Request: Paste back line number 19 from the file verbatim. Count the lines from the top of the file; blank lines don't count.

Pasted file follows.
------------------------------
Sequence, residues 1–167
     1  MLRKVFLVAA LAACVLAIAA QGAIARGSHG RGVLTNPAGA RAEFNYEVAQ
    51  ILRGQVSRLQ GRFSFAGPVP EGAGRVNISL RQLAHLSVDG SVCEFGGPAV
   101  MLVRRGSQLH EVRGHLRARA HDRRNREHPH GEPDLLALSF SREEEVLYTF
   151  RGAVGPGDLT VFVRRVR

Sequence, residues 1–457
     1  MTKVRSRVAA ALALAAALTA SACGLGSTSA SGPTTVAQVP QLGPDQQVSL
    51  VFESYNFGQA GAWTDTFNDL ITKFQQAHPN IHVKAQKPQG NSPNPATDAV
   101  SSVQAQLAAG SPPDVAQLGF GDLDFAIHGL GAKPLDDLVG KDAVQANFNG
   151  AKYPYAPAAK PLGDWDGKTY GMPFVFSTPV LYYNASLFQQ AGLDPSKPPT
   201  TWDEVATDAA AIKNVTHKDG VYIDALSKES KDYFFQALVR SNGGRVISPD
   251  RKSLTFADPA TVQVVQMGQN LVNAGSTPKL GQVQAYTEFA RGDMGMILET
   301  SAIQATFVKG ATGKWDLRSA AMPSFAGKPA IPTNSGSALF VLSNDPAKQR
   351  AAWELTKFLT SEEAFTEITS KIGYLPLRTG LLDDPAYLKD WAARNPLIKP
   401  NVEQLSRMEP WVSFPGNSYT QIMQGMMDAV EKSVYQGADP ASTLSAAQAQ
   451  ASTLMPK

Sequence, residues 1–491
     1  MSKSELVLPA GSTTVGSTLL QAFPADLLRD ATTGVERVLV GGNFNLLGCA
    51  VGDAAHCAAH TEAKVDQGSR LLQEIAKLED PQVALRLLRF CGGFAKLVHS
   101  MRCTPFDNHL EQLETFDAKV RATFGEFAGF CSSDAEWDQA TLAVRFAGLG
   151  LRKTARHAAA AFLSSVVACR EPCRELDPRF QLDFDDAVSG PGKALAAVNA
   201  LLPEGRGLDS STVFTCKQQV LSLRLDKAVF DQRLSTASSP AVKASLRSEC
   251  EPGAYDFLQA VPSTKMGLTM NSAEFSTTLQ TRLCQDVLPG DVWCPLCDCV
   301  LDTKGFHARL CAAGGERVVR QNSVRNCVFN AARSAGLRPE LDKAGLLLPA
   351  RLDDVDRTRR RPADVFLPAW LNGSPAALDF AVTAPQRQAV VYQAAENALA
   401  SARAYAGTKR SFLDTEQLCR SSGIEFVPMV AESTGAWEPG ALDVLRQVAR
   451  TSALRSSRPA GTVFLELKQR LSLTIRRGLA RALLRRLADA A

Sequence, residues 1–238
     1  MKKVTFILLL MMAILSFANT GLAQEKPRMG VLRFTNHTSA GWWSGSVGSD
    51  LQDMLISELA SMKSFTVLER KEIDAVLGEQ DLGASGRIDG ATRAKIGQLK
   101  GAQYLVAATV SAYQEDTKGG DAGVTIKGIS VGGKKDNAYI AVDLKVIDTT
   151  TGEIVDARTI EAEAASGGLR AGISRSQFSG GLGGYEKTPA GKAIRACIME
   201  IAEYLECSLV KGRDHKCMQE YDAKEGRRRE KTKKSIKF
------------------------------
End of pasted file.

    51  VGDAAHCAAH TEAKVDQGSR LLQEIAKLED PQVALRLLRF CGGFAKLVHS